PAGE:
Bankruptcy is a common term in California, given that many homeowners fall behind on their mortgage payments. The debt problem keeps escalating as people experience challenges like unemployment, divorce, and unexpected medical bills, among others. If you are falling behind on your loan payments and looking for a way out, the Los Angeles Bankruptcy Attorney can guide you through bankruptcy and the loan term extension.

Loan Modification Options

It's common to experience financial challenges that might make it hard to meet your monthly loan installments. If you are struggling to pay your mortgage or other loans, you have several options to consider:

  • Loan refinancing
  • Loan term extension
  • Filing for bankruptcy

It's wise to consult an experienced bankruptcy attorney when seeking a solution for your debts. An attorney will help you determine the best way to deal with the debts to ensure that you reach a permanent solution to your debt issues. You can choose one of the listed options, and you can also combine several options to save your home or property from foreclosure. With the guidance of an attorney, you can lower the monthly loan installments, avoid loan defaults, and work your way out of debt.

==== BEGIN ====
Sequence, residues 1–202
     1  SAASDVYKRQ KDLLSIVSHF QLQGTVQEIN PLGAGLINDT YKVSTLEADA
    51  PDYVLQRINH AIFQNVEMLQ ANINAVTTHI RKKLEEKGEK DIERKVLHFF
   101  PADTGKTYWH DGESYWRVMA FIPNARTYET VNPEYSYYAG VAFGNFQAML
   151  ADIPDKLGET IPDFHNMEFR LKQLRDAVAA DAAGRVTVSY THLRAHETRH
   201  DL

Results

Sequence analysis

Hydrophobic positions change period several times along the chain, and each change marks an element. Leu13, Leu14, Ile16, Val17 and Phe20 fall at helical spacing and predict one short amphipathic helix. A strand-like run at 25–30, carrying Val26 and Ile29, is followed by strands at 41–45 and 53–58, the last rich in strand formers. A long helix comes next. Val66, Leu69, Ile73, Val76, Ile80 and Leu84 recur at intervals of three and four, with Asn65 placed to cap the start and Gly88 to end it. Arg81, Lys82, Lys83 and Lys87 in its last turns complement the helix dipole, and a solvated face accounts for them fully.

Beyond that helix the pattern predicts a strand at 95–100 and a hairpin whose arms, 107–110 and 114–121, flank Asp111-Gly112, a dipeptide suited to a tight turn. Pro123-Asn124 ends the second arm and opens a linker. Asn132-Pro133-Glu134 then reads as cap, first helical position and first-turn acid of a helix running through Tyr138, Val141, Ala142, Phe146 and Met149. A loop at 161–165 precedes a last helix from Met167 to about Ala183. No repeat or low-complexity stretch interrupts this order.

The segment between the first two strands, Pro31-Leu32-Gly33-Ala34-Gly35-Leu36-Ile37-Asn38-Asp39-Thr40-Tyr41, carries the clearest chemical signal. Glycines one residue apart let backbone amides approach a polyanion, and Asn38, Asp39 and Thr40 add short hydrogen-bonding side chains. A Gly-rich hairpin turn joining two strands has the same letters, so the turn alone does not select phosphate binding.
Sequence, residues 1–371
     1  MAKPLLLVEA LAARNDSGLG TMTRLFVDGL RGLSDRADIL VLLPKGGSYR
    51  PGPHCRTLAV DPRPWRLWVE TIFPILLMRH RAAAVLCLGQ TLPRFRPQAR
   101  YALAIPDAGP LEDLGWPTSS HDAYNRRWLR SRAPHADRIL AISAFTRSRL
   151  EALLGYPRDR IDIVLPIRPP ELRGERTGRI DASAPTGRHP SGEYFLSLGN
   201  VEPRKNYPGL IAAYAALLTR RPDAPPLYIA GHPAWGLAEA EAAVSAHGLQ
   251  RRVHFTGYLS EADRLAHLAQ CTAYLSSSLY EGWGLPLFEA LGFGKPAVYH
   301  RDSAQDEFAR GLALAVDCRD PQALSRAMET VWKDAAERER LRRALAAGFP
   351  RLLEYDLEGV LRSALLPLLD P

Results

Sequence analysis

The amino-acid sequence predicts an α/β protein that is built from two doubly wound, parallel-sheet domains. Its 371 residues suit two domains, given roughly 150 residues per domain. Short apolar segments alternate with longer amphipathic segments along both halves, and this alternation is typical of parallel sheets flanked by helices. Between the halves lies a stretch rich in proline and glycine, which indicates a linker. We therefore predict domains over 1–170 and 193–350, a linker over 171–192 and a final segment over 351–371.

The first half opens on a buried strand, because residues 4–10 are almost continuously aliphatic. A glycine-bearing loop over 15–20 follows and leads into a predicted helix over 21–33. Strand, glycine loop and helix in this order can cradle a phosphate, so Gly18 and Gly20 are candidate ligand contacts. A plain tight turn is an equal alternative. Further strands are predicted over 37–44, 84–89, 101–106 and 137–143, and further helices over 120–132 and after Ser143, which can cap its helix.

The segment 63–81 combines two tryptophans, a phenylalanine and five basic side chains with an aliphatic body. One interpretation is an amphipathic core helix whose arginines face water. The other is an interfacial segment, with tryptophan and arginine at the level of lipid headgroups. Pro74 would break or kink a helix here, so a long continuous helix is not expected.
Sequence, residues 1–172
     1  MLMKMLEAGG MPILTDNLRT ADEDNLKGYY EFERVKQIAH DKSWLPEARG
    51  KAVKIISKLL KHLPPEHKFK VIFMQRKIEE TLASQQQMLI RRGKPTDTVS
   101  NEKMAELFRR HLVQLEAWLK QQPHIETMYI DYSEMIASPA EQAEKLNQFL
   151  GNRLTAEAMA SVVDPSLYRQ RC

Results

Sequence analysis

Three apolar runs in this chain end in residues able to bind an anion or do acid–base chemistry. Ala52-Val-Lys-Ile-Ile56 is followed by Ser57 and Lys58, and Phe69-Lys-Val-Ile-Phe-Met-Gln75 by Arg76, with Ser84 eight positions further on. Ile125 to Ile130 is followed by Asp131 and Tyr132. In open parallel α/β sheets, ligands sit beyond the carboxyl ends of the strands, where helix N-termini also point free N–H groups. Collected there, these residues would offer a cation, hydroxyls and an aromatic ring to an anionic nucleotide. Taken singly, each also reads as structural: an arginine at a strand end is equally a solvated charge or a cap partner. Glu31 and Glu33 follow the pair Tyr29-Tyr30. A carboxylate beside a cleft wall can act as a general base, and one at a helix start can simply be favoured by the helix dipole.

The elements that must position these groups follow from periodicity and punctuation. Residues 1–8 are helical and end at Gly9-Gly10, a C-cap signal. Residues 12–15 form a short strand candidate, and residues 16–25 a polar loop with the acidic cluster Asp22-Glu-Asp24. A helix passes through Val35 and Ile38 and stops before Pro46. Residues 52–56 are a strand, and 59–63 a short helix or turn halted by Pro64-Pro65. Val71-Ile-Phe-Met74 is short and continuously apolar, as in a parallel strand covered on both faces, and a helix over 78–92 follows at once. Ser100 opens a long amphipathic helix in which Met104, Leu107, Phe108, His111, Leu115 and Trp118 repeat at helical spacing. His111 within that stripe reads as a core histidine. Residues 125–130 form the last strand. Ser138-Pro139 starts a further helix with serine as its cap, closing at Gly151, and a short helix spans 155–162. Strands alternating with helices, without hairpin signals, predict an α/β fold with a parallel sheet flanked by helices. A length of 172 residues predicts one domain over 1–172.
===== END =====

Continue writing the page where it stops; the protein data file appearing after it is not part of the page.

You should consider loan modification if you can no longer afford to make the monthly installments. Loan modification entails altering your loan terms through interest reduction or extending the loan term to make the installments affordable.

The Objectives of Loan Modification

The goal of a loan modification is to make the loan affordable for the borrower. Loan modification also prevents the lender from losing money. After modification, a borrower can meet the lower installments, which helps minimize the default rate. A lender has the mandate to alter the loan terms to make the loan more affordable for the borrower. Loan modification mainly entails:

  • Altering the loan type typically from an adjustable interest rate loan to a fixed interest rate loan